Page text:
Archive for Volume 1

Welcome to the Second Issue

Issue 2 evinces an explicit commitment to analyzing the ethical contours of emerging rhetorics. The authors of Issue 2 analyze rhetorics and employ diverse theoretical frameworks in a variety of national and international contexts with a general eye toward the ethical implications of social, political, economic, and material structures.

US and Mexico Border Wall

Of Ideologies, Economies, and Cultures: Three Meditations on the Arizona Border

Victor Villanueva

“When the threat of war presents itself, raise the castle drawbridge; bar the fortress gates; circle the wagons. When the scale of warfare is global or hemispheric, seal the borders.”

Ayn Rand, Conservative Populists, and the Creed of Self-Immolation

Brian Jackson

“Atlas’s majestic shrugging is the ultimate revenge fantasy for those who believe the government and all those who support market intervention have demonized the most useful, creative, and productive members of society.”

Methodological Dwellings: A Search for Feminisms in Rhetoric & Composition

Jennifer Sano-Franchini, Donnie Sackey, and Stacey Pigg

“It occurred to us that people learning about our field may benefit from a better sense of where feminism lives in the hidden spaces of rhetoric and composition: in the practices and attitudes of those who constitute the field.”

Adapting American Visual Rhetoric in Post-Cold War Bulgaria

Joshua Parker

“After writing about a visit to Bulgaria in 1996, I returned ten years later hoping to judge whether my original application of Baudrillard’s theory on the evolution of consumer society still held up…”

In Defense of Gut Feelings: Rhetorics of Decision-Making

Nathaniel A. Rivers

“It is through gut feelings that we begin to think critically, collect and analyze information, and decide. Gut feelings do not stand in opposition to critical thinking; they stand beneath, support, and shape it.”

Program Review: Service Learning in Post-Katrina New Orleans – the Jesuit Way

Kelly Brotzman

“At Jesuit universities, the task is not just to form better citizens but also to form persons who use the principles of Ignatian spirituality to ‘perceive, think, judge, choose and act for the rights of others…'”

Book Review: Activism and Rhetoric as Required Reading

Gae Lyn Henderson

“Each essay reports specific cases of rhetorical intervention in local and global issues. Both professors and students will find models for their roles in the democratic tradition, as public/organic intellectuals, or… ‘part-time peaceniks.'”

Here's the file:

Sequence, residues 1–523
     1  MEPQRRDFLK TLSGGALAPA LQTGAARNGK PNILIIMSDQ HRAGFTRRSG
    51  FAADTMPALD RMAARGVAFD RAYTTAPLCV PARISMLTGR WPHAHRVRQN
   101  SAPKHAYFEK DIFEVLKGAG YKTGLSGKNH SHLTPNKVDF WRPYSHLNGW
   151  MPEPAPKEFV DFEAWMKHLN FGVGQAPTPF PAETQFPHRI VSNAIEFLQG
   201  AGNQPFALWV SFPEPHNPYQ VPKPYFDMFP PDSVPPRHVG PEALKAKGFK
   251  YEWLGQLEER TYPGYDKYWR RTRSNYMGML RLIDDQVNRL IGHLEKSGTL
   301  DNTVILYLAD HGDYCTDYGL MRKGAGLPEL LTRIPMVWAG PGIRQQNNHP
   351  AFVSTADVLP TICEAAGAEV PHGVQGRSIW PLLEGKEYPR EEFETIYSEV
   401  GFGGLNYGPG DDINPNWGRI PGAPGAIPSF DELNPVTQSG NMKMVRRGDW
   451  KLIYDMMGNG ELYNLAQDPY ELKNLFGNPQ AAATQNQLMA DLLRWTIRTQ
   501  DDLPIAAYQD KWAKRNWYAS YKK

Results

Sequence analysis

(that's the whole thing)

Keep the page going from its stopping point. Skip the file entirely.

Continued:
Welcome to the Inaugural Issue

In the summer of 2009 we set out to create an academic journal that would address contemporary and timely rhetorical issues through short, online articles. Volume 1, Issue 1 accomplishes this goal by providing seven pieces that analyze emerging rhetorics in a variety of institutional and public contexts.

Turning Composition toward Sovereignty

John Schilb

“We don’t seem to be writing much at all about sovereignty—a term that I shall define here, somewhat simplistically, as the exercise of authority by a nation-state or another sort of regime, not only with respect to its own people but also in relation to similar polities.”

Momma’s Memories and the New Equality

Vershawn Ashanti Young

“The new equality does not claim the achievement of racial and social justice. Rather, it offers an ongoing explicit pursuit of personal and systemic change advanced daily—publicly and privately—among black, brown, red, yellow, and white allies…”

I’ll Google It!: How Collective Wisdom in Search Engines Alters the Rhetorical Canons

Jill M. Parrott

“Invention is part of a single act committed by an individual in synchronous time while the returned arrangement is a result of thousands of asynchronous choices enacted collectively by Internet users.”

Making Rhetoric Visible: Re-visioning a Capstone Civic Writing Seminar

Heather Lettner-Rust

“In committee meetings, academic and student affairs retreats, or simply in chance encounters with colleagues, a periodic response to the mention the course is polite confusion, misinformation, or even outright dismissal…”

Cooking Codes: Cookbook Discourses as Women’s Rhetorical Practices

Elizabeth Fleitz

“Through informal conversations about cooking, women have participated in a practice that has allowed them throughout history to connect with other women and validate their own existence in the domestic sphere.”

Program Review: The Land-Grant Way – Connected Knowing and the Call of Service

James M. Dubinsky

“Founded on a core belief that student-community interaction is essential to transforming students into global citizens, CSECP also works to establish competencies related to service: leadership… and ethical development.”